What is war like? How can we view war through the eyes of those experiencing it without knowing its certain outcome? Samuel H. Yamashita brings us major excerpts from eight extraordinary diaries, left by what he calls “ordinary Japanese,” that give us access to the inner lives of individuals in the midst of the great catastrophe of the Asian and Pacific War. All writing during the war in widely dispersed parts of Japan, these people tell us of their concerns and their experiences in deeply ...

EAA Interview, Feature Article

An EAA Interview with Houghton Freeman

In 1978, Mansfield Freeman, an American who spent much of his life in China and who helped found the company that later became American International Group, Inc. (AIG), established a trust whose primary mission would be to establish a foundation that would facilitate the development of mutual understanding among Americans and East Asians. In 1993, one year after Mansfield Freeman’s death, the family established the Freeman Foundation to promote his vision. Since then, the Freeman Foundation ha...

Book Review, Columns

Helen Foster Snow: An American Woman in Revolutionary China

For those who entered the Asian Studies field in the 1970s, the names Edgar Snow and Helen Snow (Helen wrote under the pseudonym Nym Wales) “loomed large.” These two individuals, along with Agnes Smedley, Israel Epstein, and Rewi Alley, wrote extensively about the Chinese Communist Party and became advocates for understanding and supporting its policies during the late 1930s and throughout the 1940s. The Snows both visited (on separate occasions) the Communist Yan’an base during the years...

Resources, Teaching Resources Essay

Teaching about the Comfort Women during World War II and the Use of Personal Stories of the Victims

“Comfort women” refers to the system of sexual slavery created and controlled by the Imperial Japanese government between 1932 and 1945. It is the largest case of government-sponsored human trafficking and sexual slavery in modern history. Many scholars have argued that the term comfort women, a euphemism coined by the Japanese military, obscures the gravity of the crime. While the authors agree that “military sexual slaves” is a much more accurate and appropriate phrase, we use the term...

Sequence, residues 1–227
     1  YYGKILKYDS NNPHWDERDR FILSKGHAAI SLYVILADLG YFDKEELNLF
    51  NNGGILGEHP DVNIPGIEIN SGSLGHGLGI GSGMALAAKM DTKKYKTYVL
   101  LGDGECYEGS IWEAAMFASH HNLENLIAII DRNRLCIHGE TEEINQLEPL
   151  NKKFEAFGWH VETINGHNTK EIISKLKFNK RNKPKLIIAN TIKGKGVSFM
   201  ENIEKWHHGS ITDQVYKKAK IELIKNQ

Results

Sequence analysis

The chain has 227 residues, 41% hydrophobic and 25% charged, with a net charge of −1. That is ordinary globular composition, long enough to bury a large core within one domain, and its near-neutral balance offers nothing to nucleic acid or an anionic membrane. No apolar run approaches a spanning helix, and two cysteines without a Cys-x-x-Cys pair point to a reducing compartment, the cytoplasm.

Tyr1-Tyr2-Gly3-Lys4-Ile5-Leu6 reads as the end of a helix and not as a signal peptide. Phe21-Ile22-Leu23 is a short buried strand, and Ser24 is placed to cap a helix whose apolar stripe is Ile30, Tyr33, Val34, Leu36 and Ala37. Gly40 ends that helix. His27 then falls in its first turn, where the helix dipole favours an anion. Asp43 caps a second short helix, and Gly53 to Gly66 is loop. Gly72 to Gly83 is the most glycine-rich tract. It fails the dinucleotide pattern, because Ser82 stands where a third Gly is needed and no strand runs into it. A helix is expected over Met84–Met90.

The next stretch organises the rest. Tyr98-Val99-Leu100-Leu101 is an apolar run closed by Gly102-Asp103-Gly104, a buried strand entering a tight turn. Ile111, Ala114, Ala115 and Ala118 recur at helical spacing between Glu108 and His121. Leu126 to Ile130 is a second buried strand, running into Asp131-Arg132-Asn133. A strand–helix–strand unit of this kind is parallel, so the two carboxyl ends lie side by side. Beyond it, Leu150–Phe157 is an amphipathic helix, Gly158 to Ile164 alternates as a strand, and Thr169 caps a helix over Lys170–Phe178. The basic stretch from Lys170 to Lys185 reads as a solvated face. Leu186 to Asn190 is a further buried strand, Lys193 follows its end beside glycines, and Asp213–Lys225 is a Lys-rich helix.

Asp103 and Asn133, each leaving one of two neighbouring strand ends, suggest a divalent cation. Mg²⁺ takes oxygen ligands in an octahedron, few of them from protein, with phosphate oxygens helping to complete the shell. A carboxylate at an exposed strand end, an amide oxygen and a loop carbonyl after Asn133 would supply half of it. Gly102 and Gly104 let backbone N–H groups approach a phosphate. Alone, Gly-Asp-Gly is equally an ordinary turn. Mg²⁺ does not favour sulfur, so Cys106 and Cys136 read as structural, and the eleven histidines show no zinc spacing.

Feature Article, Special Segment: Maritime Asia

The Saga of Manjirō

Editor’s Note: Readers who enjoy this article will be interested in Junya Nagakuni and Junji Kitadai’s Drifiting Toward the Southeast (Spinner Publications, 2003). The same waves wash the moles of the new-built Californian towns, but yesterday planted by  the recentest race of men, and lave the faded but still gorgeous skirts of Asiatic lands, older  than Abraham; while all between float milky-ways of coral isles, and low-flying, endless,  unknown archipelagoes, and impenetrable Japa...

Web Gleanings

Website Resources: Asia: Biographies and Personal Stories, Part 1

JAPAN Emperor Hirohito Biography (video) URL: https://www.youtube.com/watch?v=8LDU33-SzQQ Produced by the BBC, the almost-50-minute video focuses on the lifeof Hirohito during the years of World War II. The cinematic footage is interspersed with comments by scholars and others, including Professor Carol Gluck and the granddaughter of Tōjō. Andō Hiroshige Biography URL: http://www.hiroshige.org.uk/hiroshige/main/biography.htm In this brief biography of Hiroshige, the essential fact...

Online Supplement, Special Segment: Chinese Migration

Berkshire Dictionary of Chinese Biography: Soong Mei-ling

Editor’s Note: The Berkshire Dictionary of Chinese Biography promises to be a long-lived and unique pedagogical tool of immense value for instructors, students, and anyone else interested in China who can utilize English language resources. Currently, three volumes of the Dictionary are available, with the final volume (post-1979) scheduled for publication in spring 2015. We thank Berkshire Publishing for allowing us to publish the following sample Dictionary entry on Soong Mei-ling.  ...